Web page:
World Cup 2014: Preference for team formation over individual flair and fireworks looks like going up in smoke for Roy Hodgson
The supremacy of team shape over individual skill is perhaps too deeply embedded in Roy Hodgson’s football psyche to let him begin letting it go now. It was engrained in there over 40 years ago when he arrived at the Halmstad club in Sweden, at a time when the national team’s failure to qualify for the 1970 World Cup had led the country’s football association to introduce a unified playing style – a German-style libero – throughout the Swedish game.
A very topical section of Jonathan Wilson’s excellent history of football tactics, Inverting the Pyramid, relates how Hodgson and Bobby Houghton – the friend who brought him into Swedish football – had no time for the association’s top-down philosophy. They were only interested in their own concepts: the shape and distribution of players on the pitch, a zonal defence, high offside line and counter-attacking through long passes played in behind the opposition defence.
Wilson quotes a Swedish academic, Tomas Peterson, describing how Houghton and Hodgson “threaded together a number of principles, which could be used in a series of combinations and compositions, and moulded them into an organic totality”. It doesn’t sound like razzmatazz but the system won through, seeing Houghton and Hodgson to five out of six Swedish league titles while Houghton took Malmo to the 1979 European Cup final.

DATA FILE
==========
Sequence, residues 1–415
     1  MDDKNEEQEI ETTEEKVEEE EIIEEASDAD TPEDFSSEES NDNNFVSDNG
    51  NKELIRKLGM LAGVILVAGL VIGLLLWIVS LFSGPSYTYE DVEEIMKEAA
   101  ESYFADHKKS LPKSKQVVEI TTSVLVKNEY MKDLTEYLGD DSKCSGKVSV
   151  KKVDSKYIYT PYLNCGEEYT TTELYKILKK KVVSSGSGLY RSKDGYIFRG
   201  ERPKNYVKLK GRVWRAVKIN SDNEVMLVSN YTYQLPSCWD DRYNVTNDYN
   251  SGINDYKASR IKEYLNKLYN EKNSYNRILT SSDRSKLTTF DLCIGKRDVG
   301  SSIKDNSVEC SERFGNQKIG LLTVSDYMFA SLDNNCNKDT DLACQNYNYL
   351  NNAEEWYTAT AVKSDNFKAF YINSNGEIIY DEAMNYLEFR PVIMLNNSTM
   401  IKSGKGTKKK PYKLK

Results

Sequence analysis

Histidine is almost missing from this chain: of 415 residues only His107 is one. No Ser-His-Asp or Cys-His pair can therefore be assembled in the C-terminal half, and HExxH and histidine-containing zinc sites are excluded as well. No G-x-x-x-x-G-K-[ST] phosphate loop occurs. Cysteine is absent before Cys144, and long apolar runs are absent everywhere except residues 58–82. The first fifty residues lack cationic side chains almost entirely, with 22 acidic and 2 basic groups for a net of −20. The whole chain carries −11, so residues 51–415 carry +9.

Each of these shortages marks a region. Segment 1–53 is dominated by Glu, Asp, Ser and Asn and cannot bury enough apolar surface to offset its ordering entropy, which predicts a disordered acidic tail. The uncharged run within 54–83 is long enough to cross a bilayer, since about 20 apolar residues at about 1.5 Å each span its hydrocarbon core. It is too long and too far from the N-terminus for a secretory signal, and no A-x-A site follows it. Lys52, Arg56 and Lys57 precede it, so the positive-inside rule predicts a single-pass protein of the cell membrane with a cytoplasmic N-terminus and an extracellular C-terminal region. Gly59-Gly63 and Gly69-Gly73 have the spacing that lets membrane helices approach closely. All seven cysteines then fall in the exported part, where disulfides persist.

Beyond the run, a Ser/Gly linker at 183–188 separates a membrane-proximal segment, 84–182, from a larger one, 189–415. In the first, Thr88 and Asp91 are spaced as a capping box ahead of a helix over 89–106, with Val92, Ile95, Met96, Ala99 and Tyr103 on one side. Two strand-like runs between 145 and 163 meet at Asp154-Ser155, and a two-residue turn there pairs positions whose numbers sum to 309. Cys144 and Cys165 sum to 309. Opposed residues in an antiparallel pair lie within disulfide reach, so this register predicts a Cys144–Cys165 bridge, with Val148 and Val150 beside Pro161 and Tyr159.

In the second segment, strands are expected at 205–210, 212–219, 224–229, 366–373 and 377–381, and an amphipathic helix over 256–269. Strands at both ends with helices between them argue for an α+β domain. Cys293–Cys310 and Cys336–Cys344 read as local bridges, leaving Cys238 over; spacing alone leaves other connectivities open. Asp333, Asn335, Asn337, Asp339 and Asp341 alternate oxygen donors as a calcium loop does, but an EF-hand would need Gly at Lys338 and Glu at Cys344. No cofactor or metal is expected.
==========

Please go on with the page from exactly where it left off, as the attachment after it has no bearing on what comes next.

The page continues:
Some players have loved these Hodgson powers of organisation. Jimmy Bullard, who worked with him at Fulham, described him as “the most boring manager I’ve worked with but the best organised”. But maybe it is an awareness that the modernity has gone from these kinds of football precepts that make Hodgson so unwilling to define what his playing style actually is these days. “You can do the defining; we work on attacking and defending,” the England manager said five days ago in response to the question.
That answer seemed to run against the grain of what the Football Association, under director of elite performance Dan Ashworth, is currently attempting to introduce: a consistent English football philosophy, running through all the age groups. Ashworth and his team want to develop individuals who play with fearlessness and technical excellence and they are already establishing a rigorous method of identifying the players who are best equipped to deliver it, by scouting the length and breadth of Britain and the professional pyramid, week-in, week-out. You imagine that Hodgson, who fought off one national association’s attempts to impose a style of play all those years ago, is sceptical about the FA’s current attempts to instigate what the Swedes once did.
But whatever his views, the incontrovertible truth is that “organic totality” will just not do for England in the weeks up ahead. Hodgson’s English conservatism and defensiveness has served him well but now he is entering a cup competition in which those qualities cannot take him and his team as far as they need to go. “You have to go for it from the first whistle,” one former England international says of what lies ahead. “It’s cup football now and when you’re on the plane home there can’t be any ‘if onlys.’ He has to use the players who can get him through and abandon his natural conservatism.”